Indexing is more important when you are recording video and audio. Evernote does a great job of scanning photos and documents for words, and making them searchable. However, audio and video do not have any indexing. Therefore, if you want to find a voice note in the future, it is vital that you spend some time reviewing old audio and video notes so that you can tag the notes or add key word summaries in text.


Transcription is related to the previous item in that you want to turn rich media captures into plain text. However, in this case, I refer to transcription as taking your photo of notes and then typing them up word for word. This does help in indexing, of course; but, more importantly, it simplifies your content and reduces the size of your database.

Transcribing to reduce your Evernote database size is important to keep your application running quickly. While desktop computers are faster and have increasingly larger amounts of storage, mobile devices are not keeping pace. Evernote for mobile tries to compensate by not storing your entire database on your mobile device, making it necessary to use your data plan to pull up notes related to your searches. So, if your notes are full of 8 megapixel photos, it will slow down your access and eat up your data plan.

Transcription aims at keeping your Evernote database lean and fast by reducing your notes to plain text whenever possible.


Some information is useful for a limited time. Once you are past that time, it makes no sense to store the records. One example is contact information. I have found that contact information is of little use in Evernote. Contact information is much more useful in the context of an address book. However, you may not want to spend too much time writing down contact information when you first receive it. You can take a picture of the business card, transcribe it to your address book later, and then delete the note with the card photo from Evernote.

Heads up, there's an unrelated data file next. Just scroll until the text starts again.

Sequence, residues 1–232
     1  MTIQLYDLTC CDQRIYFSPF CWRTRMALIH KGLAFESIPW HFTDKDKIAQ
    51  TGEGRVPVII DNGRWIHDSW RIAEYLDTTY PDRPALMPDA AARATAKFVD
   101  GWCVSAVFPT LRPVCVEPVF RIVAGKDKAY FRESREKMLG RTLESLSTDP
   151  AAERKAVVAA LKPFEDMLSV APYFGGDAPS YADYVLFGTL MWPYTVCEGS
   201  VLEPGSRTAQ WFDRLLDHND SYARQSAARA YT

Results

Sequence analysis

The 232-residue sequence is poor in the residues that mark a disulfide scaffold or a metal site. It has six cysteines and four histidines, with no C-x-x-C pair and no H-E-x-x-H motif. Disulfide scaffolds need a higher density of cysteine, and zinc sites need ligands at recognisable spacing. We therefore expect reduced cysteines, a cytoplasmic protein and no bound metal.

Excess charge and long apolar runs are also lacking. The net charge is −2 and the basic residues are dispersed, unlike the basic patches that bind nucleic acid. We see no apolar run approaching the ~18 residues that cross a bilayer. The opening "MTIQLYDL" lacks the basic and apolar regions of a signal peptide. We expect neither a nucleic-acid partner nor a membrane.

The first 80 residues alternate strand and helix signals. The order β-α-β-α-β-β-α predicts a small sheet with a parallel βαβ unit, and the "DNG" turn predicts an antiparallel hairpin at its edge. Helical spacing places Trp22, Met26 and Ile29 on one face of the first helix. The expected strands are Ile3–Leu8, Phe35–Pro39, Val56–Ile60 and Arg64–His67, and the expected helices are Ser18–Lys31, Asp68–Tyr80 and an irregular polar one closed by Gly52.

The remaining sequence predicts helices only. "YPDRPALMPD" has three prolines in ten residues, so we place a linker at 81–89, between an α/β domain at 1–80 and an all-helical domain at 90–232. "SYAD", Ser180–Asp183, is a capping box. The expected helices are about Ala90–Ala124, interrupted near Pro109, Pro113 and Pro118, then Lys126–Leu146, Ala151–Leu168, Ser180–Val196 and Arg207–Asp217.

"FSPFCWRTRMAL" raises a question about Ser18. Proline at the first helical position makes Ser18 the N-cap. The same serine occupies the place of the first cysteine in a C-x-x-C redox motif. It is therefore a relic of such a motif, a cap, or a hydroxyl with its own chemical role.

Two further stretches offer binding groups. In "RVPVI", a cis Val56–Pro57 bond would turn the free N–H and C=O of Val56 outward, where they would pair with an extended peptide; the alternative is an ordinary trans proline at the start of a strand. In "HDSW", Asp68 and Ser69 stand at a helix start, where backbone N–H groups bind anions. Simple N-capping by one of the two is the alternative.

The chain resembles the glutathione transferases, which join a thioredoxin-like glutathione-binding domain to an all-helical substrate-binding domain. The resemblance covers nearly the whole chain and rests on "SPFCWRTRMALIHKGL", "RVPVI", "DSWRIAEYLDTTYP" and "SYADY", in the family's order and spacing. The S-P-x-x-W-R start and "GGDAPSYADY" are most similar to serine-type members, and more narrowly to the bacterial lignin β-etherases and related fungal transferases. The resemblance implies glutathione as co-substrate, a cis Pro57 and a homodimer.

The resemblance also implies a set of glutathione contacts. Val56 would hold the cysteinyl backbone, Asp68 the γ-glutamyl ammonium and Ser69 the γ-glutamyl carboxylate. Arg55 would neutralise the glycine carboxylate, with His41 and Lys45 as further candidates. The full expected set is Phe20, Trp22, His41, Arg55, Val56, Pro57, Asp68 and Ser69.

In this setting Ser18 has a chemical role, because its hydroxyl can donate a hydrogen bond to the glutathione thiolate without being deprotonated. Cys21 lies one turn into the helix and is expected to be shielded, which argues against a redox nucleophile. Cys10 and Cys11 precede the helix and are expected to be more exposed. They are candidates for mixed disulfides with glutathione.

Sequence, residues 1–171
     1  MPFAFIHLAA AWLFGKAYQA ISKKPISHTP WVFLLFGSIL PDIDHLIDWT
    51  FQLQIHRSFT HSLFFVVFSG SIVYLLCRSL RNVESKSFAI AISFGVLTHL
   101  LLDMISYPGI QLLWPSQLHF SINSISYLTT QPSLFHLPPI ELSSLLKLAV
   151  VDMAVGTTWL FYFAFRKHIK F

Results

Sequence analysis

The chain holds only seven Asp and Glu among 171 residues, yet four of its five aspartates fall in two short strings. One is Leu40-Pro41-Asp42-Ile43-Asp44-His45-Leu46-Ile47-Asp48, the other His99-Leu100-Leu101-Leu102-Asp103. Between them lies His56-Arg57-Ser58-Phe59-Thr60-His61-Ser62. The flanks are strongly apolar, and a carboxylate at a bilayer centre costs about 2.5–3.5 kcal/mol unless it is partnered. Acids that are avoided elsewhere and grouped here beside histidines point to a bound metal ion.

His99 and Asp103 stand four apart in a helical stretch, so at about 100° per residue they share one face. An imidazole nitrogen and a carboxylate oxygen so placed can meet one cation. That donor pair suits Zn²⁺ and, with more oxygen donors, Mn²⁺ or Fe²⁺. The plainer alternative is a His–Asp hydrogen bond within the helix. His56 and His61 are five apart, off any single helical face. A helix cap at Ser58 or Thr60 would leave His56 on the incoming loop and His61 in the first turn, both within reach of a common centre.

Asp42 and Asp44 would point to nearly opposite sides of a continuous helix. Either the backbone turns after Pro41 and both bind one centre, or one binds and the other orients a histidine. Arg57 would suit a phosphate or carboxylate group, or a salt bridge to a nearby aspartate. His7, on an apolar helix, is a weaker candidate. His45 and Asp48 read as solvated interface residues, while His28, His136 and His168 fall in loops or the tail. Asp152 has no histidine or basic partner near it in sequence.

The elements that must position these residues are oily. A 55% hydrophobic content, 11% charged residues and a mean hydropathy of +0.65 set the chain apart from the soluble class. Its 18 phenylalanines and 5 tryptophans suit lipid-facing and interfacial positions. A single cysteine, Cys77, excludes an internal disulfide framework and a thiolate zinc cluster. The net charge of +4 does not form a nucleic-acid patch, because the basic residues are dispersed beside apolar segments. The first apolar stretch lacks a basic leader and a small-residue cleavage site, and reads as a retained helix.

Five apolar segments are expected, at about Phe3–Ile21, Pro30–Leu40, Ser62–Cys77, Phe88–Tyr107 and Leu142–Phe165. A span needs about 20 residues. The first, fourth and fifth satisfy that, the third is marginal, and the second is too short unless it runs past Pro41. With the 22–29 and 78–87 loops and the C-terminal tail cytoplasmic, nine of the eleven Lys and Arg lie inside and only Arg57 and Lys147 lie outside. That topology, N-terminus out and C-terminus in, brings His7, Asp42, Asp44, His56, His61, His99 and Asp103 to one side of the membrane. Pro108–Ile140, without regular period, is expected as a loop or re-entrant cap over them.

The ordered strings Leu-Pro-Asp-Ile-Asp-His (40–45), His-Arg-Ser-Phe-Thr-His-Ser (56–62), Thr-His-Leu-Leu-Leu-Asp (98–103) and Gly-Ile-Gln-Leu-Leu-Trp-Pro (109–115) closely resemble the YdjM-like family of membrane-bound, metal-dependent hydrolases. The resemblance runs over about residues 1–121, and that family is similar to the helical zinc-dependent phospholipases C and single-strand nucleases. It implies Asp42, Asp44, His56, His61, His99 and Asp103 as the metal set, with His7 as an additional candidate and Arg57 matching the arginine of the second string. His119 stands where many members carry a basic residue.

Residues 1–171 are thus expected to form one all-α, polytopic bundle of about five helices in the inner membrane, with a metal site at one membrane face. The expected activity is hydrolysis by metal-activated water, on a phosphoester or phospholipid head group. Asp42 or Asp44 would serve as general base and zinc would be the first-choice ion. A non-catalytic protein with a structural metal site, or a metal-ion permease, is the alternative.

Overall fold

The same goes for other temporary information such as lottery ticket numbers, raffle tickets, invitations, or articles you wanted to read but not keep. It is a good practice to give a moment's thought to whether the note you just viewed still has any relevance for you.

There is also temporary information that you can leave for the Internet collective to store. Anything you can Google and find consistently can be safely deleted.

Last Thoughts

All of these considerations, context, indexing, transcription, and expiration are aimed at not allowing your Evernote database to grow to the point where it takes longer and longer to find information. If you are having to get very clever in your search queries to find the information you want, then you have lost efficiency. You want data that is readily found rather than lost in a format. You want to find data quickly and at the cost of few storage and bandwidth resources.

I had stopped using Evernote so much because my database had become cumbersome to use under the mantra "Remember Everything". I came to realize that not everything is worth remembering. Furthermore, there is information that is not forgotten because the world wide web remembers it. Evernote should not be my personal copy of Wikipedia. Rather, it should contain personal, unique, and actionable information.